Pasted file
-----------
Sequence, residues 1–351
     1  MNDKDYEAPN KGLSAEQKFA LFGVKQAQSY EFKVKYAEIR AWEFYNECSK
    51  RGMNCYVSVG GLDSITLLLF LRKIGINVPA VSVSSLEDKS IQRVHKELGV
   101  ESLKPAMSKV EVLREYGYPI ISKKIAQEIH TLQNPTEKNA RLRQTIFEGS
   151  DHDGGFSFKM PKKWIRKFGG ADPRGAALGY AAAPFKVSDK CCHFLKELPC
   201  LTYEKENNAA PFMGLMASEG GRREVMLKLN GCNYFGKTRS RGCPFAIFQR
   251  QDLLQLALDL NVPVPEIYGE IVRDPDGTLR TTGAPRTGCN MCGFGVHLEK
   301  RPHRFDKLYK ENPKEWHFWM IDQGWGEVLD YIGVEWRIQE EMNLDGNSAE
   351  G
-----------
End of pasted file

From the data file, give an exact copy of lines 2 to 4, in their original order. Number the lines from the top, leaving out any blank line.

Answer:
     1  MNDKDYEAPN KGLSAEQKFA LFGVKQAQSY EFKVKYAEIR AWEFYNECSK
    51  RGMNCYVSVG GLDSITLLLF LRKIGINVPA VSVSSLEDKS IQRVHKELGV
   101  ESLKPAMSKV EVLREYGYPI ISKKIAQEIH TLQNPTEKNA RLRQTIFEGS